December 9, 2023

J Neurosurg Pediatr. 2023 Nov 10:1-9. doi: 10.3171/2023.9.PEDS23241. Online ahead of print.


OBJECTIVE: Many schools utilize academic accommodations to help athletes return-to-learn after sport-related concussion, yet little is known about the impact of accommodations on recovery. In a cohort of adolescent athletes with sport-related concussion, the authors sought to 1) describe academic accommodations, 2) determine predictors of receiving accommodations, and 3) determine how accommodations influenced recovery, as defined by days to return-to-learn, symptom resolution, and return-to-play.

METHODS: A retrospective survey study was undertaken that included all athletes between the ages of 12 and 24 years who were seen at a regional sport-related concussion center from April 1, 2020, to April 1, 2022. Demographic characteristics, past medical history, injury characteristics, school-related factors, and recovery were collected via a telephone-based survey and from medical charts. The independent variable was the use of academic accommodations by students. The outcome variables included days to return-to-learn, symptom resolution, and return-to-play. Univariable and multivariable logistic regression analyses were performed.

RESULTS: Of 300 athletes contacted, 96 consented to participate in this study (mean age ± SD 16.6 ± 2.6 years, 60.4% male). The mean return-to-learn was 9.0 ± 13.2 days. In total, 63.5% of athletes received some kind of school accommodation. The most common accommodations included extra time on tests (46/96 [47.9%] athletes) and extra time for assignments (43/96 [44.8%]), whereas preferential seating in class (0/96 [0.0%]) and reduced workloads (4/96 [4.2%]) were the least commonly used accommodations. Multivariable logistic regression revealed that White race (OR 0.17, 95% CI 0.02-0.71, p = 0.03) and higher initial Post-Concussion Symptom Scale (PCSS) score (OR 1.04, 95% CI 1.01-1.07, p = 0.02) were predictive of receiving accommodations. Univariable models showed that receiving accommodations was not predictive of return-to-learn (β = 4.67, 95% CI -0.92 to 10.25, p = 0.10), symptom resolution (β = 24.71, 95% CI -17.41 to 66.83, p = 0.26), or return-to-play (β = 13.35, 95% CI -14.56 to 41.27, p = 0.35). Regarding other predictors of each outcome, several factors emerged irrespective of accommodations. Multivariable analysis revealed that longer time to return-to-learn was associated with a history of psychiatric illness (β = 8.00, 95% CI 1.71-14.29, p = 0.02) and initial PCSS score (β = 0.14, 95% CI 0.06-0.23, p < 0.01). Finally, predictors of days to return-to-play included school personnel who were knowledgeable of concussion (β = -5.07, 95% CI -9.93 to -0.21, p = 0.04) and higher initial PCSS score (β = 0.67, 95% CI 0.04-1.29, p = 0.03).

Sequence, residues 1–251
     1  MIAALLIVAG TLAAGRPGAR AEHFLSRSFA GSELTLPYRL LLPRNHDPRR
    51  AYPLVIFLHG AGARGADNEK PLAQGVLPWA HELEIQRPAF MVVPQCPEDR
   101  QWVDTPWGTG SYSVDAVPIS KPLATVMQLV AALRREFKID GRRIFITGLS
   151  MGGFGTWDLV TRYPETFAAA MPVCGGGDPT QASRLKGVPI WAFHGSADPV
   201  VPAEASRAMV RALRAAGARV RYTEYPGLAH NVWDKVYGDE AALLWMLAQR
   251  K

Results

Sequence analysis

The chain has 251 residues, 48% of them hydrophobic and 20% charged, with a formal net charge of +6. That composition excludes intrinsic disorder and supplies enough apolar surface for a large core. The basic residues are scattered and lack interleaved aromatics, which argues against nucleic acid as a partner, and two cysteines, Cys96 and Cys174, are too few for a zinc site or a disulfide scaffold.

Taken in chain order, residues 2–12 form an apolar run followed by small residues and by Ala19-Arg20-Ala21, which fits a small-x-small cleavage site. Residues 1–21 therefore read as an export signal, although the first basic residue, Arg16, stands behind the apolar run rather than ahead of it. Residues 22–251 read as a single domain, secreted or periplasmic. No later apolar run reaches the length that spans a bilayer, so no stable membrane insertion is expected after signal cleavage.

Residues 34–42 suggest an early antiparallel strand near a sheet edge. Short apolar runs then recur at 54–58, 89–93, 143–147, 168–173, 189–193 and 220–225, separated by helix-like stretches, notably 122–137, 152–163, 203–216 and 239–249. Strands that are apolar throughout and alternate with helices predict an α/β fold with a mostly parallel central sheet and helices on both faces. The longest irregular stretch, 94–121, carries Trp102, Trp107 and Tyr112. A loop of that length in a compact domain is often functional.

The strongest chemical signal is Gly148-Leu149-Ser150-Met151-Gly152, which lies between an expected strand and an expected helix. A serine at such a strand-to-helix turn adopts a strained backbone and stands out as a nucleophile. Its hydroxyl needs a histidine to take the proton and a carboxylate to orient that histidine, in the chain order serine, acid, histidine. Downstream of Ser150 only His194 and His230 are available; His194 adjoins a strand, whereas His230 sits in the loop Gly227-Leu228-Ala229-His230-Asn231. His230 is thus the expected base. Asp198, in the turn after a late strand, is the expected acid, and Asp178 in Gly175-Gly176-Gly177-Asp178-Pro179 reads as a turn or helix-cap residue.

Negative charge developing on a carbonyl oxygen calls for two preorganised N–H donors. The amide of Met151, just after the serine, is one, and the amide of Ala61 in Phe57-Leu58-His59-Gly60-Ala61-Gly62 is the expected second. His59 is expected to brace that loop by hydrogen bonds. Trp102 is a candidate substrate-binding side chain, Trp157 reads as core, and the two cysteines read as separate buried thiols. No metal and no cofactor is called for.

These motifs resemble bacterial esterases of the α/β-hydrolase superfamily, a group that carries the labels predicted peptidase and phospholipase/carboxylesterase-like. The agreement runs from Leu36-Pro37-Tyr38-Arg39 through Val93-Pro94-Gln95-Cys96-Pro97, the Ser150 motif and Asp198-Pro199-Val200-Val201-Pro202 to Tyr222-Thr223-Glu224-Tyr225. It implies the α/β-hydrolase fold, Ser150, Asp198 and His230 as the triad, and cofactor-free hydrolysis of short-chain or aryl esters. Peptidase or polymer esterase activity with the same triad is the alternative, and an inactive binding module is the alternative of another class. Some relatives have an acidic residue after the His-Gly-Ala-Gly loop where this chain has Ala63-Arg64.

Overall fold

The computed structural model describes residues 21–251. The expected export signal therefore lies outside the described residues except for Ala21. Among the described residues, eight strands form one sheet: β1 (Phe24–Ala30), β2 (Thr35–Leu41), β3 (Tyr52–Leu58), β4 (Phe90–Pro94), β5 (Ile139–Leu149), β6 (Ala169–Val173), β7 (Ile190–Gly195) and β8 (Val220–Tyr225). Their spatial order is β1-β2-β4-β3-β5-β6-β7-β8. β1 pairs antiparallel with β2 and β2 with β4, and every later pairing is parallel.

CONCLUSIONS: The most common accommodation was extra time on tests/assignments, whereas reduced workload was the least common. White race and greater initial PCSS score were associated with receiving accommodations. Receiving accommodations did not significantly impact days to return-to-learn, symptom resolution, or return-to-play.

PMID:37948698 | DOI:10.3171/2023.9.PEDS23241